The other Baluwatar: Unlike Kathmandu’s posh Baluwatar, this place in Surkhet is synonymous with poverty, backwardness

baluwatar surkhet
The Baluwatar settlement, near Birendranagar of Surkhet

Dhuliyabit is the gateway to Birendranagar, the capital of the Karnali province. After you walk downhill for about half an hour from here, you will reach Baluwatar. However, this Baluwater located in Birendranagar municipality-11 contradicts the posh Baluwatar area in Kathmandu with the prime minister’s residence. 

There is extreme poverty, deprivation and backwardness. There is no electricity in this settlement and not a single school or health post even for general treatment. There is a dense forest above it while a small stream flows below it.

Despite being within the province’s capital, locals from Baluwatar are deprived of their basic needs. They used to have high hopes when the local government was formed and were expectant of employment opportunities and other services. But, in these five years, nothing has changed. The residents have now warned they will boycott any party or leader who does not address their concerns.

Out of service

The area does not even have an elementary child development class. As a result, the children are deprived of their basic education. When there are no schools nearby, children have to walk through the forest for about an hour to reach Shiva Secondary School, the nearest school in Dhuliyabit. 

Philiva Gandharva (18) of Baluwatar says it is very difficult and unsafe to go to school via that road so she goes to additional tuition classes in the morning. Most children, for this reason, do not go to school regularly. So, there are many children in the area who drop out of school before reaching the fifth grade. 

Buddhisara Gandarva of Baluwatar, Surkhet, with her sarangi.
Buddhisara Gandarva of Baluwatar, Surkhet, with her sarangi.

The settlement is also deprived of communication. Nepal Telecom’s network does not work here. Some houses have electricity, but they were installed on a person’s initiative rather than that of the government, says Chitra Bahadur Baigar. Likewise, health facilities and transportation have not reached this place. And, locals here are compelled to carry a sick person to a distant hospital.

There was a time when Buddhisara Gandharva (47) used to travel from villages and towns with her husband carrying a sarangi. Many were mesmerised by the melodious tune played to them. But now, there is no one to play sarangi and the younger generation does not know how to play.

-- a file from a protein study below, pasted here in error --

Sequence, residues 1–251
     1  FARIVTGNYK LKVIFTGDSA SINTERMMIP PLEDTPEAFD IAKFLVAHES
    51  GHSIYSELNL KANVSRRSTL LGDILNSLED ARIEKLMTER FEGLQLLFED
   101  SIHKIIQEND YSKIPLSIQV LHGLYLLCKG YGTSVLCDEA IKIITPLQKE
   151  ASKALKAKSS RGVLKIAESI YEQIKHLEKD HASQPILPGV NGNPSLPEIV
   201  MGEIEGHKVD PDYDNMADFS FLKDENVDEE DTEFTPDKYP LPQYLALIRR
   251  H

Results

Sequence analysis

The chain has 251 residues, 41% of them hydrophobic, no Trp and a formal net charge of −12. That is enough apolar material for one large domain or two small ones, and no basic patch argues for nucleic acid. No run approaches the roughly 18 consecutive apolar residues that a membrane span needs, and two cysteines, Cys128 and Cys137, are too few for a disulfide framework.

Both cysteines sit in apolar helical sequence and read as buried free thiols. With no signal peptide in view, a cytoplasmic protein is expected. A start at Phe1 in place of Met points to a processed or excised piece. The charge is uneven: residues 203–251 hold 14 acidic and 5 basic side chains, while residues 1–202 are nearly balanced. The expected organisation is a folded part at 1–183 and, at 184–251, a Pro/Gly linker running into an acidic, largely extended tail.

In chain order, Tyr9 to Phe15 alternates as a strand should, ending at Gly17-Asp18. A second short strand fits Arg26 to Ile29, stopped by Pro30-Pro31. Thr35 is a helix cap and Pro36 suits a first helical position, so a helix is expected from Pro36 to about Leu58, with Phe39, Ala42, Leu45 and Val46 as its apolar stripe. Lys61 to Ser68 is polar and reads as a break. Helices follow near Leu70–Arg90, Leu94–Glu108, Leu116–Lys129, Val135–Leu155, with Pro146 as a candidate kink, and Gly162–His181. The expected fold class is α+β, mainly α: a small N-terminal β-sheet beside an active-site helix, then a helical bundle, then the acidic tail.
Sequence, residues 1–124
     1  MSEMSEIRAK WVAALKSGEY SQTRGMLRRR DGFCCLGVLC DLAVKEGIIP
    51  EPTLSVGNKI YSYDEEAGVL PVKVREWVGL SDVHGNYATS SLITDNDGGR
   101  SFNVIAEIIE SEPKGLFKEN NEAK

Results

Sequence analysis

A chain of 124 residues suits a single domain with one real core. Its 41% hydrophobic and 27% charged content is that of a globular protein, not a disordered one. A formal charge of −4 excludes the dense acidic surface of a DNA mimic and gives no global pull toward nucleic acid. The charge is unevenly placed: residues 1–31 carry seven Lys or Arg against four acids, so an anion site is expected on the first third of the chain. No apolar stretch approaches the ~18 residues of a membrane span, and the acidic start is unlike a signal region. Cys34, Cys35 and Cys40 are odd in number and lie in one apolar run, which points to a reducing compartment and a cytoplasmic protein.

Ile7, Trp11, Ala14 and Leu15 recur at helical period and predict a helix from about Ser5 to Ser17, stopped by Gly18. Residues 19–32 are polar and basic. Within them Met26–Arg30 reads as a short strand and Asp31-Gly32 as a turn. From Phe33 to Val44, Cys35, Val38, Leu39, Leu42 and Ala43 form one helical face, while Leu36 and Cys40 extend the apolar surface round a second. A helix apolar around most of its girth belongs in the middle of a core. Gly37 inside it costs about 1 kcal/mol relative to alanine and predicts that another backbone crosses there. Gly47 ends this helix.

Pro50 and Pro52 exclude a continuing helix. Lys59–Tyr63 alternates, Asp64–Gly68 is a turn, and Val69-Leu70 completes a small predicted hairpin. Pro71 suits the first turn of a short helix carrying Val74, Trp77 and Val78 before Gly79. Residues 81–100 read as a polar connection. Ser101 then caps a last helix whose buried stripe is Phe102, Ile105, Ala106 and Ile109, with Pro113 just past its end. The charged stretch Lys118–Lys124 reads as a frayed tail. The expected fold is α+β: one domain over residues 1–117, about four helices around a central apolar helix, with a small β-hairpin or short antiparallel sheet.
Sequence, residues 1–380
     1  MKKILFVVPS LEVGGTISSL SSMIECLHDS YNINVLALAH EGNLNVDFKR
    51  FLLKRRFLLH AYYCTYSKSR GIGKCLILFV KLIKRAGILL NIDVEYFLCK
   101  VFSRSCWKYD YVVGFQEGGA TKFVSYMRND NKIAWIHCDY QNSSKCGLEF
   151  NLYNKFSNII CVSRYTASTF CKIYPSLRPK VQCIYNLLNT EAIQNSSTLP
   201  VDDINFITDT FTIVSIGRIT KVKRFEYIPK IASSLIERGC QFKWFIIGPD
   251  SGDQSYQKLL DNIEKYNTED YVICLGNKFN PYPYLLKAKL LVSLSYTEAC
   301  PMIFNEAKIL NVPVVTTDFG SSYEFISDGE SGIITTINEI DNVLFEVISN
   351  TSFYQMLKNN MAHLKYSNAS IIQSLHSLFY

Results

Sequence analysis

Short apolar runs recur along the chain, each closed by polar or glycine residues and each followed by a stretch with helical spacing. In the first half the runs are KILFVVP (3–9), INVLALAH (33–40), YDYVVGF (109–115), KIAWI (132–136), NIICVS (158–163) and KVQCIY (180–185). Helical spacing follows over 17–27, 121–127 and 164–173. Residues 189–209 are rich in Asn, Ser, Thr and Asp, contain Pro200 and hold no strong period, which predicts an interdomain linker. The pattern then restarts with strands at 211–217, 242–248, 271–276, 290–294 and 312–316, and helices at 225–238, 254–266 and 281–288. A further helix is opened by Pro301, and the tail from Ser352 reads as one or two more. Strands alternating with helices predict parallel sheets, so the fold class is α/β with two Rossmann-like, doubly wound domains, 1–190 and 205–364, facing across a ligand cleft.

Meanwhile, due to the humiliation, they have discontinued their age-old profession which used to be the medium for entertainment and getting information before the age of technology.

Moving to Kalapahad

Sunil Pariyar and Bir Bahadur Baigar, residents of Baluwatar in Surkhet
Sunil Pariyar and Bir Bahadur Baigar, residents of Baluwatar in Surkhet

Sunil Pariyar (22) and Bir Bahadur Baigar (21) of Baluwatar are going to Kalapahad (India). Though Pariyar and Baigar came home only a month ago and they want to live in their own village, there is no way to make a living.

The debts borrowed to make Pariyar’s house/hut and having to manage a living for his elderly mother, father, two sisters, wife and young son’s education do not let him stay idle at home.

“What can we do here? We have a debt of Rs 150,000. There isn’t any employment opportunity here. Then, there is a ban on selling gravel or sand. But, we still have the responsibility for the family. So I have to go to Kalapahad,” says Pariyar.

Pariyar and Baigar are not the only ones, Baluwatar lacks a young population; there is no one over the age of 15. They have all gone to Kalapahad for employment. Others work as drivers and only come home during festivals. 

Big promises

Chakra Bahadur Baigar, a resident of Baluwatar, Surkhet
Chakra Bahadur Baigar, a resident of Baluwatar, Surkhet

There are uncountable stories of the people living in this settlement, who are disappointed and struggling to find their existence.  But then again, it is local elections time, the small area is full of big promises of land ownership papers, roads, education, health and employment and reassurance to fulfil those from “leaders” trying to enter their settlement to seek votes.

Chitra Bahadur Baigar, 56, a resident of the area says, “We have sided with all parties for votes and carried their flags following their promises. But, there is no reason to believe them now.”

The main demand for this landless settlement from the past has been the land ownership papers. Waiting for “leaders” to deliver their promises, Bhim Bahadur Gandharva had migrated from Chhingad to Baluwatar and then spent three decades in this settlement waiting for his land ownership papers but was deprived of his basic rights. He has voted for many parties but his wish has yet to come true.

Believing big promises of development and infrastructures, all the citizens of the settlement voted for the ‘sun’ in the last local level elections in 2017. “We gave our votes to CPN-UML. If they win, they claimed, they would change the face of the settlement here and call it Suryatar. But after winning the elections, they never came back,” shares Bhim Bahadur Gandharva.

Locals fear the same fate will repeat again.

This story was translated from the original Nepali version and edited for clarity and length.

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Khatri is an Onlinekhabar correspondent in Surkhet.

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